@Patch — As @schmei said, trashing is always the last resort. However, if something IS trash, it should be trashed.

    http://unclutterer.com/2007/09.....the-trash/

  14. posted by megan on

    Don’t throw it out. A thrift store would even be a better option than throwing it away. If they can’t use it, they’ll know. But let them be the judge of that.

  15. posted by Loren on

    I still have my graduation robes hanging in the back of my closet (we couldn’t rent them either and the school changes their robes nearly every year) I think the ‘trash it’ mentality is meant for things like my graduation robe that I was SURE there was SOMETHING I could do with. But it’s been hanging in the back of my closet for years. And the chances that I will do anything with it now are pretty slim.
    Believe me I re-purpose and give away as much stuff as possible (from empty pickle jars to old clothes) but sometimes things just need to be trashed to get them out of your life before you stress about them to much. I like that Erin and the Unclutterer gang give you permission to throw things away which my trifty/eco-friendly side always has a problem doing.

  16. posted by catherine on

    How about buying up all your classmates’ old gowns and setting up a business renting out graduation gowns? Not just for your old school but for ALL schools in your state, maybe? Probably far more attractive to most people anyway to hire a gown for the day for $50 than buy it outright for $100 and never use it again. (I’m making up those numbers, I have no idea what they cost.)

    This unclutterer problem strikes me as the classic clutter problem – buying for the one-off occasion. It’s the clothing equivalent of a unitasker!

  17. posted by infmom on

    Cut the two gowns into equal sized squares and make yourself an interesting quilt.

  18. posted by Sooz on

    Can you sell the robe (or donate it) to a company that rents out graduation robes?

  19. posted by Karyn on

    I can’t believe some schools make people buy the robes. In both high school and college, the only things I bought were the caps and tassels; the robes were checked out, used for graduation, and then returned. As this post illustrates, what the heck are you going to do with a graduation robe after the graduation? Make a very big pillow?

  20. posted by Michelle on

    One thing that hasn’t been mentioned is the use of robes in greek life. My soroity uses graduation robes (all different colors) in some of our formal meetings and would always love a donation of a new robe seeing that ours are old and get used quite a bit. So another sugestion would be to check with the greek life on a campus neer you and see if they would like the robe!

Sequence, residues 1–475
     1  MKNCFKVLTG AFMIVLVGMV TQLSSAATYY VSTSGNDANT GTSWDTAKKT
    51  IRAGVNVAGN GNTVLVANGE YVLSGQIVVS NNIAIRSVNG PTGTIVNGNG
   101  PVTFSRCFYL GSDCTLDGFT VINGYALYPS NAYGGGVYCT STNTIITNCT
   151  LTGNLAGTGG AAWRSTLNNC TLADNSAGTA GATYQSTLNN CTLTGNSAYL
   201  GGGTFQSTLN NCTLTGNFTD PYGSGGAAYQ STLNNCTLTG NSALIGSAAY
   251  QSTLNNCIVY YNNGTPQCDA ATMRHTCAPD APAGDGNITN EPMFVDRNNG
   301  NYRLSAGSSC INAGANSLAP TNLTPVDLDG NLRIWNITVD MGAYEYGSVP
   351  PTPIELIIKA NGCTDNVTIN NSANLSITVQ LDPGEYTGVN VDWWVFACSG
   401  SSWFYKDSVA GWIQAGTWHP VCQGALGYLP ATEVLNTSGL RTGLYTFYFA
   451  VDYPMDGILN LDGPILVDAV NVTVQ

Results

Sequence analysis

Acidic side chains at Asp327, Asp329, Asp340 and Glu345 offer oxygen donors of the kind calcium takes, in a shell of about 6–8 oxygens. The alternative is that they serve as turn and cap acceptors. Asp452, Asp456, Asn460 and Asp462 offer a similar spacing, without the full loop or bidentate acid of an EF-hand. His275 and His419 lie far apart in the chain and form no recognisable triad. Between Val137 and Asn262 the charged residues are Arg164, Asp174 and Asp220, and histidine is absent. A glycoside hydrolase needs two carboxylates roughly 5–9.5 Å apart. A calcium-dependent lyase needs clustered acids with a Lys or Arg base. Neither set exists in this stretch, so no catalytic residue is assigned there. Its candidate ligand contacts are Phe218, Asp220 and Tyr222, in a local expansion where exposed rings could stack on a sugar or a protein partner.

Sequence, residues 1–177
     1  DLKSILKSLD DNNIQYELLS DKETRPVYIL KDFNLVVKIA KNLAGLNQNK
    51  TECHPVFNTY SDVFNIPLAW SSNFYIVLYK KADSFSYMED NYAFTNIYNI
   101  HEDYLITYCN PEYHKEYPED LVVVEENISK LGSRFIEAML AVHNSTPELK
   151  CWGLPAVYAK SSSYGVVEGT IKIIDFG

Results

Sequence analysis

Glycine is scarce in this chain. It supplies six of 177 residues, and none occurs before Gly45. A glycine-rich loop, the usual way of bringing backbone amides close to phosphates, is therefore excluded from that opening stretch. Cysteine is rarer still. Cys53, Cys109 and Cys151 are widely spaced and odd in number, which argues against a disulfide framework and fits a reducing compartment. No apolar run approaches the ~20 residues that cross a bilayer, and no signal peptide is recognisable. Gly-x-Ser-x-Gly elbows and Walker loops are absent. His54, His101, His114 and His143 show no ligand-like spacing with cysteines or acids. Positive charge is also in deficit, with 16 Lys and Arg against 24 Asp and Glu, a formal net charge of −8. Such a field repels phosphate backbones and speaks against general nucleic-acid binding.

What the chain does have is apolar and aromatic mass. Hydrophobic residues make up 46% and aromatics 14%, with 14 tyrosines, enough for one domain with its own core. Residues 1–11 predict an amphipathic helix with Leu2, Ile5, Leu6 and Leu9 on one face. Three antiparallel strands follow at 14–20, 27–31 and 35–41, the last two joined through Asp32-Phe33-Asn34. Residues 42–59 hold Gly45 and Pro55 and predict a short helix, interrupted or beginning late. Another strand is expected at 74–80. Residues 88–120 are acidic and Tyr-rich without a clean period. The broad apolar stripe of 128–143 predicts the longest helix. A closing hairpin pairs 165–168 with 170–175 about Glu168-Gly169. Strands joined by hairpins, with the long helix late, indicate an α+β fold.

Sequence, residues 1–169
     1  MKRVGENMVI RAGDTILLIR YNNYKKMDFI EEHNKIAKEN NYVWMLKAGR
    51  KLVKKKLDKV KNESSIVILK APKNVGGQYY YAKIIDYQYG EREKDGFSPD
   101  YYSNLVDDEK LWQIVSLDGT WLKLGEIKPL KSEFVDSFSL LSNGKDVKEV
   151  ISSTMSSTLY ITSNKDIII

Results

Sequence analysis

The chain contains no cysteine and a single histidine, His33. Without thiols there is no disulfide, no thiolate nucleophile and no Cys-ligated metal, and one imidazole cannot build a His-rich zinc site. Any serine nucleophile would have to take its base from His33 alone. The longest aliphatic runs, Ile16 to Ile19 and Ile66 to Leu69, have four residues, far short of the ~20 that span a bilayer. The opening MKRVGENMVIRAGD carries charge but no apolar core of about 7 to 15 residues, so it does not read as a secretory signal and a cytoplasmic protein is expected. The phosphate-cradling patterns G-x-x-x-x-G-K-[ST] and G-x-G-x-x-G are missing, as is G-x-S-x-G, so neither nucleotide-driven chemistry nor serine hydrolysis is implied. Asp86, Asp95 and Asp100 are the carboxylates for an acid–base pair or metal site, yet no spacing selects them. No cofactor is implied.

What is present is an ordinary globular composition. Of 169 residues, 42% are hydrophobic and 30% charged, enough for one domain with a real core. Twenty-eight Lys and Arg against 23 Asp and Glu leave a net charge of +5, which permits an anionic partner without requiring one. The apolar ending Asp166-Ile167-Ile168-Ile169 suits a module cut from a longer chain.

21. posted by Tanya on

    Unfortunately, I doubt that most gowns will “quickly decay” if you throw them away. The cheap fabric they’re made of is usually polyester – thin fibers of man-made polymers, similar to plastic. These synthetic fabrics can take over 40 years to “decay” into small pieces that are too small to see. Natural fibers are probably okay to toss but synthetics and blends are best re-used. Check with your school to see whether any low-income students could use a donated gown.

  22. posted by Dingham on

    You could always offer it to your local ReUseIt group. There are plenty of college students in the groups.

    You can find local ReUseIt groups at:

    http://www.reuseitnetwork.org

    “In a disposable society where many items are discarded long before they have actually outlived their use, The ReUseIt Network helps get things from people who have them but don’t want them to people who want them but don’t have them.

    Our goal is to find new uses for unwanted items that would otherwise be thrown into the trash.”

  23. posted by Sue on

    Be careful giving it away… if you are a teacher, or are in education, you frequently have to continue to attend commencement ceremonies!! I’ve taught High School & the staff is encouraged to attend & participate in the ceremony.. in our graduation gowns. Well, we don’t use the flat-topped graduation ‘hats’ but the “thing” that hangs down our back (brain went blank on its name).

    So, you can also donate to a local High School, so that those staff that no longer have a gown, can now have one to dress up in each year.

    PS: the students really do appreciate having their teachers there!!

  24. posted by Katie Alender on

    Another voice in support of donating it to a thrift store–that gives it the chance to be picked up as a graduation gown, choir gown, Halloween costume, fabric source for a craft project… many possible uses!

    Another option would be to collect a bunch of your classmates’ robes and arrange to donate them to a church choir as robes.

  25. posted by Claudia Ziegler on

    Or it could be made into a quilt. I had a quilt made out of my graduation gowns, a few dresses that had sentimental value but no longer fit, and some of my favorite t-shirts that were well-worn. Surprisingly, the result is wonderful and I use it year-round.

  26. posted by Vicki K on